We stick with defenders who are mostly known for their defensive work. Since February 10, McCabe has had five assistants and 12 throws. During the same time, he scored 19 hits and 17 blocks, 17 of them and 11 in the last five games. McCabe plays an important role in penalties and is regularly paired with Seth Jones with equal strength. It’s not going to find results regularly, but it’s decent enough to fit somewhere on the back of your lineup.
Alex Goligoski, MIN (2%)
Kalen Addison he based much of his fantasies this season on his role as Minnesota quarterback, where he scored 18 of his 27 points. That first place has disappeared as he has not competed in the last four competitions. Goligoski spent most of the campaign as a healthy scratch but was given a chance to lead the powerplay line before moving to the second group on Thursday. The 37-year-old is already getting more minutes with Jonas Brodin landing on injured reserve too.
Philip Grubauer, SEA (34%)
Martin Jones has been the toast of the Pacific Northwest for most of this season. Although his GAA and save percentage were low, he won many games. Those stats have recently caught up with Jones as he has lost the last four, conceding a total of 17 goals while the Kraken’s usually solid offense has only brought in five. Meanwhile, Grubauer was stellar in 2023, hitting 1.97/.920 in nine games before dropping six to the Bruins on Thursday. Even with that flash, he still has to compete with Jones for the No. 1 spot.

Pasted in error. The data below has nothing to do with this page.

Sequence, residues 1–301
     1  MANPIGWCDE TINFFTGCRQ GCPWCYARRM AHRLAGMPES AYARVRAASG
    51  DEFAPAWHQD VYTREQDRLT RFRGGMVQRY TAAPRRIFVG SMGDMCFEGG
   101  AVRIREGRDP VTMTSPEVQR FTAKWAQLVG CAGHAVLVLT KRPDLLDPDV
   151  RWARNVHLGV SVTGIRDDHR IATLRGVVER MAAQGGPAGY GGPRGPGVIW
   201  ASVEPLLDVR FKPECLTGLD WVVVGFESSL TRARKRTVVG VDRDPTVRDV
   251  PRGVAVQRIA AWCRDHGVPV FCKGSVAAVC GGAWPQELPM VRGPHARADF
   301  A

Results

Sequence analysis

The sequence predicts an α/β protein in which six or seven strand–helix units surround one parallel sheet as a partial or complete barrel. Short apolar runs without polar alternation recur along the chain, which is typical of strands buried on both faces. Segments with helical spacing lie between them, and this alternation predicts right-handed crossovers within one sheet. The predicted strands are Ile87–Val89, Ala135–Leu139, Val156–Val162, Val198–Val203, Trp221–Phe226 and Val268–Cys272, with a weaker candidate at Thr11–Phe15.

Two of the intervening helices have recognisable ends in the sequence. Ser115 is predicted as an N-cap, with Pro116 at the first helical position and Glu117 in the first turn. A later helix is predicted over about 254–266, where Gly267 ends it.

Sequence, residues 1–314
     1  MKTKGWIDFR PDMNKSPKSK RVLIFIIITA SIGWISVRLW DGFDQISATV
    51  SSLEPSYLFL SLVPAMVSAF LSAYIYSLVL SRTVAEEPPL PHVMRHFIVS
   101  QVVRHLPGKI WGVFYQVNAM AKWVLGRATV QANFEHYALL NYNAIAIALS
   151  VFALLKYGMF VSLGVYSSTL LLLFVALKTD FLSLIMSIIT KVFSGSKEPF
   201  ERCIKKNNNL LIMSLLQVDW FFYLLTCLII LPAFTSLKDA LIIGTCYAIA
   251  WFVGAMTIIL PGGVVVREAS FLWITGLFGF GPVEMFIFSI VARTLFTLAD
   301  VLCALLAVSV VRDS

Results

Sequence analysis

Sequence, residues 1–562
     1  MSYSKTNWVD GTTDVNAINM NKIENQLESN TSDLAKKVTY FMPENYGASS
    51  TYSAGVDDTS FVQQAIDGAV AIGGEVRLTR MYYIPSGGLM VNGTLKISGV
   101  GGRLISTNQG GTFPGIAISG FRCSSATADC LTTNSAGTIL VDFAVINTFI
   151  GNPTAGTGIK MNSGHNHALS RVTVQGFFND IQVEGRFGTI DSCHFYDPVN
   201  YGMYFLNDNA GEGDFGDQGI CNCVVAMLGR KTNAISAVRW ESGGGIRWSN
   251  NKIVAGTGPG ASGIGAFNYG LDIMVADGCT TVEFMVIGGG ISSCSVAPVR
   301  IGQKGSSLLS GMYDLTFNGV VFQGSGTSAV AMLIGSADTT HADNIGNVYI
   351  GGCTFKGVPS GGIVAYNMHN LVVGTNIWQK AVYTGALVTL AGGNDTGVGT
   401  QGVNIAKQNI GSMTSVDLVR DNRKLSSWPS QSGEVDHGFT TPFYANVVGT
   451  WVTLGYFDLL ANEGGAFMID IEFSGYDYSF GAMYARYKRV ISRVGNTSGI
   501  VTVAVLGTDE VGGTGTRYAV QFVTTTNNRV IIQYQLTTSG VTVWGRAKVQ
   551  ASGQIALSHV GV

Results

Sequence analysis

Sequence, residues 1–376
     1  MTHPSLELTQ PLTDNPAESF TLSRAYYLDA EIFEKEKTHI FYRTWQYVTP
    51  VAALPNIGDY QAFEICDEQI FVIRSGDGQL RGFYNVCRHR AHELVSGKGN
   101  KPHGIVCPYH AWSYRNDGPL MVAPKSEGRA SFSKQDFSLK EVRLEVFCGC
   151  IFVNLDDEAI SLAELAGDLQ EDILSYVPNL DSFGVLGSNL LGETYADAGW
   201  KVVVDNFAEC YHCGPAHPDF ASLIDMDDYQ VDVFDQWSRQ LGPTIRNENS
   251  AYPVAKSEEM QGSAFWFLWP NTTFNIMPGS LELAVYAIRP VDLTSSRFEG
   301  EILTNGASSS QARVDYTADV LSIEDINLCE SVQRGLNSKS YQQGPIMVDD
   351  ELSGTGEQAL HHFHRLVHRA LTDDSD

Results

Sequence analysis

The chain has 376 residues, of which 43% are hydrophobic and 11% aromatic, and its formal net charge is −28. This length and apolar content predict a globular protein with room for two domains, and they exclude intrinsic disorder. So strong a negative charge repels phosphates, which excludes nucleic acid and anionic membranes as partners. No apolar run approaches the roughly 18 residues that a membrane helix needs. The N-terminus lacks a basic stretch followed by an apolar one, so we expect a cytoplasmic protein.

Mads Sogaard, OTT (10%)
The Senators were wiped out by a goaltender’s error, with Cam Talbot missed a month Anton Forsberg done in a year. Sogaard and Kevin Mandolez were recalled in recent weeks, and the latter was demoted as Talbot was expelled from the IR. Ottawa will play seven games over the next 11 days, including a couple of back-to-back games and a couple of weak defensive opponents. Talbot may not be ready to handle a heavy load right away, so Sogaard could get most of the starts.